On the second Sunday, I went to a church off-campus and taught a Sunday school class with 70 people in attendance. I spoke on the Gospel of John, giving special attention to eternal security. I walked through John’s “never” statements (i.e. John 4:14; 6:35; 8:51; 10:28; and 11:26).
Because I had a translator, I wanted something simple and repetitive, and by their response, I think it went over really well. One member asked when do we receive eternal life, in the future or now? I went to John 6:47, and I wish I could have captured the look on their faces once they saw the present tense of that verse. Once the translator explained the verse, the whole group laughed and cheered. They immediately understood that they received eternal life right now.
The church was small with a dirt floor, wood beams and a thatched roof. The “walls” were just a mesh green fabric, and the back of the church was completely exposed. It was a very humble church, but it was a blessing to attend and speak to the group. They said I could come back next year. Lord willing, Ken Yates will also be joining me and will be able to do the sermon. We have also been invited to speak at two other churches in the area. Next year will be busy, Lord willing!
Following Up with Previous Students
These are just some of the highlights from the trip. I had countless conversations between classes and evening group meetings, and I was amazed by how many of our previous students reached out and asked to meet with me to ask questions and discuss issues.
One student, in particular, said that the Free Grace message had changed his theology completely. His father is a pastor, and he’s been funneling the material to him as well. He spoke about the Book of Hebrews. Before understanding grace, he was confused. But now that he understands eternal security and rewards, he can grasp the book’s meaning.
It has been a joy to see these young men understand the message of grace and not only have one class, but several go on and mature in these truths. The Lord has been so good, and I am excited to see what He does next in Zambia.
First, pray for students as they face the cultural clash that the Free Grace message brings. One of the consistent things we have faced in Zambia is the issue of eternal security. Sadly, when we first meet them in class, our students almost always hold to a loss of salvation. While we make strides in our classes, it is still a significant battle in their churches.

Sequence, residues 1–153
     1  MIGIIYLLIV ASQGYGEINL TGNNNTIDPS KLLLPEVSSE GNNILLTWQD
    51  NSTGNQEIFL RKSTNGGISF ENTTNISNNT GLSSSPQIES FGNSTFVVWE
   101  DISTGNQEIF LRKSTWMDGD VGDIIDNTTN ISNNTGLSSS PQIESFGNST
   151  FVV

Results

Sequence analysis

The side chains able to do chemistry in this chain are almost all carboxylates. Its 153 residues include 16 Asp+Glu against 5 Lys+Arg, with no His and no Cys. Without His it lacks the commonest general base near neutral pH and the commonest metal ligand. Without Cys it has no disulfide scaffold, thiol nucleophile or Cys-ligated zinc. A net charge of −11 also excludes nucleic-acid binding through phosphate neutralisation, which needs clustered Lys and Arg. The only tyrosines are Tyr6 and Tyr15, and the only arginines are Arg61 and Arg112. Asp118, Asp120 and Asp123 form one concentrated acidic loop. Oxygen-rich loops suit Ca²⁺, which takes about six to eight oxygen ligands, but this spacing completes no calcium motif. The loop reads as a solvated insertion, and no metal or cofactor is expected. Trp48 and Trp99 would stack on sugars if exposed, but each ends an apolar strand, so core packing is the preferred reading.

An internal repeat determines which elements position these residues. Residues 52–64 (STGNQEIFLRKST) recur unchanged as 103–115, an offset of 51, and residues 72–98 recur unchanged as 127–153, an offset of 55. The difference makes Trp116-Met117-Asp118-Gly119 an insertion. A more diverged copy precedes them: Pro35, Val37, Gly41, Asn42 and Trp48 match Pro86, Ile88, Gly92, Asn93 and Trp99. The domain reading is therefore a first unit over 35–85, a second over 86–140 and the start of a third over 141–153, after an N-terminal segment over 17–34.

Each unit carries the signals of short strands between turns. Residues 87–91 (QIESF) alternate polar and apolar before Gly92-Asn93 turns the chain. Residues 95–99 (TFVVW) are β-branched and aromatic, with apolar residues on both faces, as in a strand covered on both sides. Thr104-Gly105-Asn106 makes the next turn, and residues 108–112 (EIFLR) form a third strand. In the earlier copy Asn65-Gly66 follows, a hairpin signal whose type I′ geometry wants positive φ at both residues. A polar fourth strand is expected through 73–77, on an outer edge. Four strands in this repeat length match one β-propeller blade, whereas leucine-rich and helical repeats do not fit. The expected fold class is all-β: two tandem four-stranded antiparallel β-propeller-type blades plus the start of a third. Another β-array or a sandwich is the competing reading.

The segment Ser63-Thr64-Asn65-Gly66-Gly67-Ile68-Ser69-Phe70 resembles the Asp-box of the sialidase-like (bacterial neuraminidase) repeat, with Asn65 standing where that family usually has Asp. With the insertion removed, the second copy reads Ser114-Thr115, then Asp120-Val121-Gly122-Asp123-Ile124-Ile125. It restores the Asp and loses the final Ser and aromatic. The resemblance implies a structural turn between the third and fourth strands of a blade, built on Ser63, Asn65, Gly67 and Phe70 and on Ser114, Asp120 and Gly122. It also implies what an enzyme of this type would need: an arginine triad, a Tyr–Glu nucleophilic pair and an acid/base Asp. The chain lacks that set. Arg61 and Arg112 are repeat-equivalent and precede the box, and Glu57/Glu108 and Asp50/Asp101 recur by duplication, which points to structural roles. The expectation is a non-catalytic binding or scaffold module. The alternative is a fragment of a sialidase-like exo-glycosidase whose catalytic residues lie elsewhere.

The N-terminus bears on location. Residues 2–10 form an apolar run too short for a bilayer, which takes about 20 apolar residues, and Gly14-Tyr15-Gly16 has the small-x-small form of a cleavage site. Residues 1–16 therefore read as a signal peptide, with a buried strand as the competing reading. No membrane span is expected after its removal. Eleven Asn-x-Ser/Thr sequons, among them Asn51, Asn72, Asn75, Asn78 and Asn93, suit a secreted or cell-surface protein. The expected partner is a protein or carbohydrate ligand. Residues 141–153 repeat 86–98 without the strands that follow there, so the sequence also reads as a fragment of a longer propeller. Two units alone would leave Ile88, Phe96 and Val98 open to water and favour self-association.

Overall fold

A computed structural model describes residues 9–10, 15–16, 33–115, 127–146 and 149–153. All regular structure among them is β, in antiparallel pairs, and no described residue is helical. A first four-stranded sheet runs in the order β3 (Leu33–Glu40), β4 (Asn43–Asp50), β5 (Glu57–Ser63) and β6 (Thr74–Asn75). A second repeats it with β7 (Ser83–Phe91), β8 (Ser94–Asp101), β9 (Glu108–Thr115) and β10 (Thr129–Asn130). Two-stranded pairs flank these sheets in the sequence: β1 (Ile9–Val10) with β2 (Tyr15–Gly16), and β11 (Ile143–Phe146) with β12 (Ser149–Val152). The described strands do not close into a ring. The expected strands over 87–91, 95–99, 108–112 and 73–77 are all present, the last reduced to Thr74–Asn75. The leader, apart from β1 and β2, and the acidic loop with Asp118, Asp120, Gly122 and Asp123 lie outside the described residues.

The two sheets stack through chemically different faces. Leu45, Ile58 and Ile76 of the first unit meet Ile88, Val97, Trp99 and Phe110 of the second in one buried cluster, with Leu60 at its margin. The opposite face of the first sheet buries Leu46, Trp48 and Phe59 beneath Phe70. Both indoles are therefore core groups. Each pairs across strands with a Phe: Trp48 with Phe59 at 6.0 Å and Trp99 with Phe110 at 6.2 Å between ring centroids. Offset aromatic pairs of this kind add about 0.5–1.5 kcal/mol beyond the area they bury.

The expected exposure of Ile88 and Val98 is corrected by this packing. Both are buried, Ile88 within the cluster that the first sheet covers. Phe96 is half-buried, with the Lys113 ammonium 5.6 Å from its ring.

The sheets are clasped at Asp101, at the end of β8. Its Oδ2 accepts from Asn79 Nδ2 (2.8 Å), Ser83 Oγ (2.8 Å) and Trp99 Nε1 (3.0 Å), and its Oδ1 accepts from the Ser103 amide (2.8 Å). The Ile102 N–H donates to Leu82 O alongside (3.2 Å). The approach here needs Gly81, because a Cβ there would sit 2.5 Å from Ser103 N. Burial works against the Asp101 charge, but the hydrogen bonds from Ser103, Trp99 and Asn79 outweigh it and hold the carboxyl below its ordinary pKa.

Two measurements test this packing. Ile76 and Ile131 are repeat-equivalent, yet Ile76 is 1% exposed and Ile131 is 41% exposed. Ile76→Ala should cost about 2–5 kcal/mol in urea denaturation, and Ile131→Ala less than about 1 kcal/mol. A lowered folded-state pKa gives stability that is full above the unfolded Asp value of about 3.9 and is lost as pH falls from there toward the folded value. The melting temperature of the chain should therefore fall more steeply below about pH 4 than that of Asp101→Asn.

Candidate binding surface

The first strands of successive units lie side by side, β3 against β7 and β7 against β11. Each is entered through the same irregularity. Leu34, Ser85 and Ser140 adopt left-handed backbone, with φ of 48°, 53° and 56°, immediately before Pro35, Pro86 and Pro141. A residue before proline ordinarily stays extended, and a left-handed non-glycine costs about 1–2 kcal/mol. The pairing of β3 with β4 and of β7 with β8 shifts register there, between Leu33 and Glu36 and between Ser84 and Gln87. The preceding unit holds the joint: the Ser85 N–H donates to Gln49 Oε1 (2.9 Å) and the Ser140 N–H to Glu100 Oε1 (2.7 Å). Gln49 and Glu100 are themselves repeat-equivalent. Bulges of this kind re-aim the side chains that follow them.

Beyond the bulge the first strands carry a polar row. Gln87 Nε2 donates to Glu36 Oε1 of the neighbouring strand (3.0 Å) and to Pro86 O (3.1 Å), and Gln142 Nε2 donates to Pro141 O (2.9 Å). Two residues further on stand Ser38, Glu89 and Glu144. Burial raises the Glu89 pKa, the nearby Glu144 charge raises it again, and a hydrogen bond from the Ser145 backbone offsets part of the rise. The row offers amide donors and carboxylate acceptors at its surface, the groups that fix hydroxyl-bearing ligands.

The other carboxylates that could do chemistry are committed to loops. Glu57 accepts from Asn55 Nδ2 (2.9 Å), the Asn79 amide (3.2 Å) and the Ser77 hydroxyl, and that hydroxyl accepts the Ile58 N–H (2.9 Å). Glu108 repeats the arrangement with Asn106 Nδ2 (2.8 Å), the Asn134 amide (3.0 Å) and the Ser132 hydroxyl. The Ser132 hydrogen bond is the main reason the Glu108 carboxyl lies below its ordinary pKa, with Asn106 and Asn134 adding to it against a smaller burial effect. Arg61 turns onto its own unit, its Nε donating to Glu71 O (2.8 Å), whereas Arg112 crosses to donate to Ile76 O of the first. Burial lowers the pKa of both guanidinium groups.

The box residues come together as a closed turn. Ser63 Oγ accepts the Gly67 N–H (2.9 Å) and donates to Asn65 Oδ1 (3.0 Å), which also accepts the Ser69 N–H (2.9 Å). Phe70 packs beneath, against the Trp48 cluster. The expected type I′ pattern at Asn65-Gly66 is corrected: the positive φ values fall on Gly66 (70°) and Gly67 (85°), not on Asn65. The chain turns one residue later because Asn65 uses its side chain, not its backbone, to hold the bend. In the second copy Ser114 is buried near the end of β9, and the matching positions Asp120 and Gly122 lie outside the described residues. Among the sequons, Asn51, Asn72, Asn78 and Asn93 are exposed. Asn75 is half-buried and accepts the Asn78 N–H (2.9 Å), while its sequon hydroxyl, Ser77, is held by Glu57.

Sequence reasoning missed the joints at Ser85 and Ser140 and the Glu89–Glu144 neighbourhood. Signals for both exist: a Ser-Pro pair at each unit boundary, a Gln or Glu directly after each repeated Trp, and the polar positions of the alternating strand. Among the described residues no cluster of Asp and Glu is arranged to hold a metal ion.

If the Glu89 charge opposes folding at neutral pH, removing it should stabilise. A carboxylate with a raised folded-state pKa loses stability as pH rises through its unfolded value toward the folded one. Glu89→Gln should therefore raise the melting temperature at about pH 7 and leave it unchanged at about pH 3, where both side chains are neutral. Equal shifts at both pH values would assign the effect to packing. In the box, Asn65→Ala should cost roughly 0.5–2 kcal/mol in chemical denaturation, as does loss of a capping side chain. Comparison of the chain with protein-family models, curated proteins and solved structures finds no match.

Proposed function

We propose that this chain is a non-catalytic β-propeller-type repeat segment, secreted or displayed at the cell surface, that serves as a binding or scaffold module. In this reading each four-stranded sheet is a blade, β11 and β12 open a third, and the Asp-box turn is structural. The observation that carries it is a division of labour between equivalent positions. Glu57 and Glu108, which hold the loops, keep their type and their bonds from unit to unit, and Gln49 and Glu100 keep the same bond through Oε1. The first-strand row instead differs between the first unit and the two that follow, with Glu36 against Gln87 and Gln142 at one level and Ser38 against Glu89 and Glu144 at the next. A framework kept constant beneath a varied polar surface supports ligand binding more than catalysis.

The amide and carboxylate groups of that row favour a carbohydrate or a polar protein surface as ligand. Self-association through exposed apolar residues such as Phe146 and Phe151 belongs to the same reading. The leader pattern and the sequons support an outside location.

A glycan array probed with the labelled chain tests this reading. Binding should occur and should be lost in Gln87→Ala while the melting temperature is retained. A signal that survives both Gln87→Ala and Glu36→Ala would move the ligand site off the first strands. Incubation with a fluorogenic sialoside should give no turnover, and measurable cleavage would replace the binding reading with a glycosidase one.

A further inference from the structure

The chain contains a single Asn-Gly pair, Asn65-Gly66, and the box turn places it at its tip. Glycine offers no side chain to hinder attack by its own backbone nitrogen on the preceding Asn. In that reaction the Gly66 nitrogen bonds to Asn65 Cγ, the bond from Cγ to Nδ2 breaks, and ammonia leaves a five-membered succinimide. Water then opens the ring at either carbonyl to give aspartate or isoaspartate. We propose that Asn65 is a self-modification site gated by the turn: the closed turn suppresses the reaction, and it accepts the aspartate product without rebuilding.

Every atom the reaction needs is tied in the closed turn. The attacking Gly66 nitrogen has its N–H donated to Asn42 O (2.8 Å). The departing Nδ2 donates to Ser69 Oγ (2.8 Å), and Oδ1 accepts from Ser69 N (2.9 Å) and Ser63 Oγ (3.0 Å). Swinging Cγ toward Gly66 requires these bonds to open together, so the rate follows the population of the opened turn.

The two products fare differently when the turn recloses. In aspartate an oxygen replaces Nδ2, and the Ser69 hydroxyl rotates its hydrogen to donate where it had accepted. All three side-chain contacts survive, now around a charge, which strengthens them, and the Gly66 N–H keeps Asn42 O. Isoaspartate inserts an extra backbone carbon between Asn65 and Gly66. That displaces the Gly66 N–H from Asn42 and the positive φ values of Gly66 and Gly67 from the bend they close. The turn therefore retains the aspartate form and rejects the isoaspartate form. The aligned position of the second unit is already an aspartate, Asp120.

Another common teaching we see in Zambia is the prosperity gospel. Zambia is an impoverished country, and as a result, many pastors preach prosperity in this life by tithing. Many also inject into the Bible the Hindu concept of karma.
Prosperity teaching raises two issues: tithing is often connected to prosperity, so that people are told they will receive money by giving money, and tithing is connected to eternal security. In other words, if a person gives to his church, he shows that he is saved, and if he doesn’t give, he is condemned to hell.
Once our students leave our classroom, they are automatically faced with opposition. So pray.
Second, a few weeks after leaving AIU, Covid sadly broke out on campus. Several staff members and students have tested positive. The school has had to return to online classes. Obviously, the Lord protected my time there and brought me safely home. No doubt this is impacting other teams who are planning to fly out this year to teach. We want to keep the staff, students, and other missionaries in our prayers, as we are all still dealing with the impact of Covid.
Third, Ken Yates and I are heading to Kenya in August for a pastors’ conference. It will be our second attempt to go this year. We were thwarted last time, due to Covid. Pray that it goes smoothly this time. Also, pray for the pastors who come. Pray that they will have the fair-mindedness of the Bereans (Acts 17:11) and that we will be clear in our teaching.
None of this would be possible without the Lord and our supporters. I am beyond thankful to those who prayed for this trip, gave books, supported, and encouraged us as we dealt with all the Covid craziness this year. I could not have done it without you all. Thank you from the bottom of my heart.
Kathryn Wright teaches for GES both online and overseas.